One of the cornerstones of good health for your puppy is regular veterinary care. It is crucial that your puppy maintains a nutritional diet and exercise routine to stay healthy and balanced. Plus, your vet can advise on heartworm, and flea and tick preventative care. While a lot goes into keeping your puppy in good health, it all begins with the first visit to the vet.
A puppy is a juvenile dog. Some puppies can weigh 1-1.5 kg (1-3 lb), while larger ones can weigh up to 7–11 kg (15-23 lb). All healthy puppies grow quickly after birth. A puppy's coat color may change as the puppy grows older, as is commonly seen in breeds such as the Yorkshire Terrier. Puppy refers specifically to young dogs,[1] while pup may be used for other animals such as seals, giraffes, guinea pigs, rats or sharks.[2]

Every dog needs to learn to walk on a leash. Besides the fact that most areas have leash laws, there will be times when keeping your dog on a leash is for his own safety. Learn how to introduce your dog or puppy to the leash, then teach him how to walk properly on the leash, even beside you on a bike. A loose leash walk teaches your dog not to pull or lunge when on ​the leash, making the experience more enjoyable for both you and your dog.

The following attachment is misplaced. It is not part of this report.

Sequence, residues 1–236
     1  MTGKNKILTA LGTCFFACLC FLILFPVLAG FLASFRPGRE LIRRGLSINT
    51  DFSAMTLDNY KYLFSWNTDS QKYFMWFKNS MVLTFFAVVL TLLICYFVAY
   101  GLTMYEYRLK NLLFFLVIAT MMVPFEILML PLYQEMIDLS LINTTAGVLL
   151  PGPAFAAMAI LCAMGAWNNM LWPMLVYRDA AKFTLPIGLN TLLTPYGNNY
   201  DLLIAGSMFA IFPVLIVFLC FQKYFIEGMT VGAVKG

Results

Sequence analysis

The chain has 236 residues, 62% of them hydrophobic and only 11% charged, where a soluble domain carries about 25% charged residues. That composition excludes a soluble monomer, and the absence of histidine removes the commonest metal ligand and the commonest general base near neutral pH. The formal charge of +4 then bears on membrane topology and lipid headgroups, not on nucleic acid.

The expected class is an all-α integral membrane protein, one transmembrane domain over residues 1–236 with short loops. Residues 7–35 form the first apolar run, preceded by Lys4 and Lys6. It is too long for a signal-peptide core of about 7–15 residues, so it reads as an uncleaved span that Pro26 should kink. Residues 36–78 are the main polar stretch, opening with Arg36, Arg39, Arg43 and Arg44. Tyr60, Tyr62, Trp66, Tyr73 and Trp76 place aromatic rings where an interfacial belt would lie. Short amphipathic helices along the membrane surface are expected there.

When your puppy comes to you, don’t reach out and grab him. This can be confusing or frightening for some dogs. If your puppy is timid, kneel and face them sideways and offer him treats as you reach for the collar. Never call your dog to punish! This will only teach him that you are unpredictable, and it is a good idea to avoid you. Always reward your dog heavily for responding to his or her name, even if they have been up to mischief!
Choose your dog's name wisely and be respectful of it. Of course you'll want to pick a name for your new puppy or dog that you love, but for the purposes of training it also helps to consider a short name ending with a strong consonant. This allows you to say his name so that he can always hear it clearly. A strong ending (i.e. Jasper, Jack, Ginger) perks up puppy ears—especially when you place a strong emphasize at the end.